Problem 44630. Guess the number I'm thinking of (Part 1)
 I randomly choose an integer between one and ten (inclusive). I don't provide any clues about the number.
 Your first opponent tries to guess the number. They guess randomly.
 Your second opponent tries to guess the number. They also guess randomly.
 You try to guess the number. But you guess strategically.
 The winner is the person who guesses my chosen number, or the person who guesses closest to my chosen number. This represents a "win".
 If two contestants are equally close, they may share the win, with such a result being declared a "draw". (It is a loss for the remaining contestant.) A draw is worth half as much as a win.
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In some cases, it would be strategically beneficial to guess the same number as one of your opponents. For example, if they guess 7 and 9, for example, you would generally earn more points guessing 7 than any other number, as you would earn an extra half point from the draw if the number is 7 or 8 (which is a threeway draw) and not lose any of the full points if the number is 16.
Hi, James. That may be a valid point ...when playing with different rules. I deliberately set the constraint that all three guesses (from the three contestants) must be different. If my constraint were removed, then you would have freedom to implement that strategy; it would also mean you'd have to handle the situation of your opponents choosing the same number. However, I personally would not be scoring a threeway draw the same as a twoway draw. Consider if each person pays $1 into a 'prize pool' to enter: if you achieve a twoway draw, then you get back $1.50 (a 50¢ profit); but in a threeway draw nobody would get any profit, and hence I would be scoring it as if that 'game' never happened. —DIV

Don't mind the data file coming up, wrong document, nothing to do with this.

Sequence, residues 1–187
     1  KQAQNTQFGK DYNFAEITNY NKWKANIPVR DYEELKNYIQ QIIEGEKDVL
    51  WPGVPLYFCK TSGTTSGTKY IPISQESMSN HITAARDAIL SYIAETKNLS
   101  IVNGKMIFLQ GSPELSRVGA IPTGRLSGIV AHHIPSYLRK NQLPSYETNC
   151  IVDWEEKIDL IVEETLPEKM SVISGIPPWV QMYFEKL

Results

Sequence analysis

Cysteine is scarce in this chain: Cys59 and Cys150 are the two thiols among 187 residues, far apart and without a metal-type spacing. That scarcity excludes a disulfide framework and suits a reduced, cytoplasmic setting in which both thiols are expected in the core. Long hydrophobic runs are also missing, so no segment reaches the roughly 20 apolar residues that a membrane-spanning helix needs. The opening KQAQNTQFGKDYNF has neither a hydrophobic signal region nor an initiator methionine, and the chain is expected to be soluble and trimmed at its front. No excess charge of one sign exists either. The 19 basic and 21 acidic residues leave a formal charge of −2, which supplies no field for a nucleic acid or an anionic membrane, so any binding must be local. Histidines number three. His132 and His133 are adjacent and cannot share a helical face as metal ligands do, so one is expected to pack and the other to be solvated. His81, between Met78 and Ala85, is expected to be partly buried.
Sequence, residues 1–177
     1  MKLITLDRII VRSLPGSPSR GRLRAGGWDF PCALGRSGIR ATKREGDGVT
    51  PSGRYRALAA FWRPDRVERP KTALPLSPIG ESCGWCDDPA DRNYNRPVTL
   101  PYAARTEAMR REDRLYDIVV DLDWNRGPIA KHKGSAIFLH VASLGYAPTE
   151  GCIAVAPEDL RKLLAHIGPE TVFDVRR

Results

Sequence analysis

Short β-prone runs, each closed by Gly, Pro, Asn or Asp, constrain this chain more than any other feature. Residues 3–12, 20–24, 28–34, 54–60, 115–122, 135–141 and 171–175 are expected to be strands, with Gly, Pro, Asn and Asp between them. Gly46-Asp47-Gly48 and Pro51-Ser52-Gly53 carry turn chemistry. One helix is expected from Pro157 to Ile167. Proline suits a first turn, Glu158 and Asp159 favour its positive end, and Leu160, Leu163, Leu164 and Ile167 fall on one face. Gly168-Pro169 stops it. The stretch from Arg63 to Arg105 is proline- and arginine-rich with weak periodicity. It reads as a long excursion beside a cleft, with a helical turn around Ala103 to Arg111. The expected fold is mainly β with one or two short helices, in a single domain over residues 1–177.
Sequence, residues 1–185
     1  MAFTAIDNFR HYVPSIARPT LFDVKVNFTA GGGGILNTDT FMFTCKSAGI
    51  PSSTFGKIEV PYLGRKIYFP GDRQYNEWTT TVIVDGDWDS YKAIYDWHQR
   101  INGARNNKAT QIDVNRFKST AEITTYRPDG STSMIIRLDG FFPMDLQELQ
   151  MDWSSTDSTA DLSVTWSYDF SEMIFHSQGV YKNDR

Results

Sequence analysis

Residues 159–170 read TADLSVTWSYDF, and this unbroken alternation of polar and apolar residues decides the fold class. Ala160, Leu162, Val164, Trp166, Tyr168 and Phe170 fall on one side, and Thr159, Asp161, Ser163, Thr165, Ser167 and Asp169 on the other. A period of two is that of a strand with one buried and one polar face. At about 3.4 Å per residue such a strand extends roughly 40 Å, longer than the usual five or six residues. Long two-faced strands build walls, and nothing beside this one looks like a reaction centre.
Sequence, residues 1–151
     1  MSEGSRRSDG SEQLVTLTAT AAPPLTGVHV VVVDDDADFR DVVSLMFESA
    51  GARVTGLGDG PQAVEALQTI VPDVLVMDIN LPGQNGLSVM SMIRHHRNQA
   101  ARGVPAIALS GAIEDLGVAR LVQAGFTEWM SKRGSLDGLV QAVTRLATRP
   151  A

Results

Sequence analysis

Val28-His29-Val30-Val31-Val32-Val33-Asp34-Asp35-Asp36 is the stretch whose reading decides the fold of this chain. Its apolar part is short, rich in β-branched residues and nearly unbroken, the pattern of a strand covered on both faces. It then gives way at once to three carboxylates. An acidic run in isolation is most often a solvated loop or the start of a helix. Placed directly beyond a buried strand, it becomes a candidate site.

Understood, and I agree that a threeway draw (not possible with the current rule set) should definitely be scored differently than a twoway draw.
My code worked, although not quite as well as Tim's. I'll have to check the algorithms he used to generate his solution, and see how it differs from mine.
I figured out why Tim's solution scored higher than mine. My code gave me half credit for a few oddball cases where there was a tie between two of us but the third person was closer to the correct number. It didn't happen enough for the solution to fail the tests, but it was still suboptimal.
This is a great problem. I was planning to eventually do one like this, but now I don't have to, as this one is very well implemented.
By the way, more problems like this one would be great, too.
Thanks. There are indeed some more that I have thought of like this....
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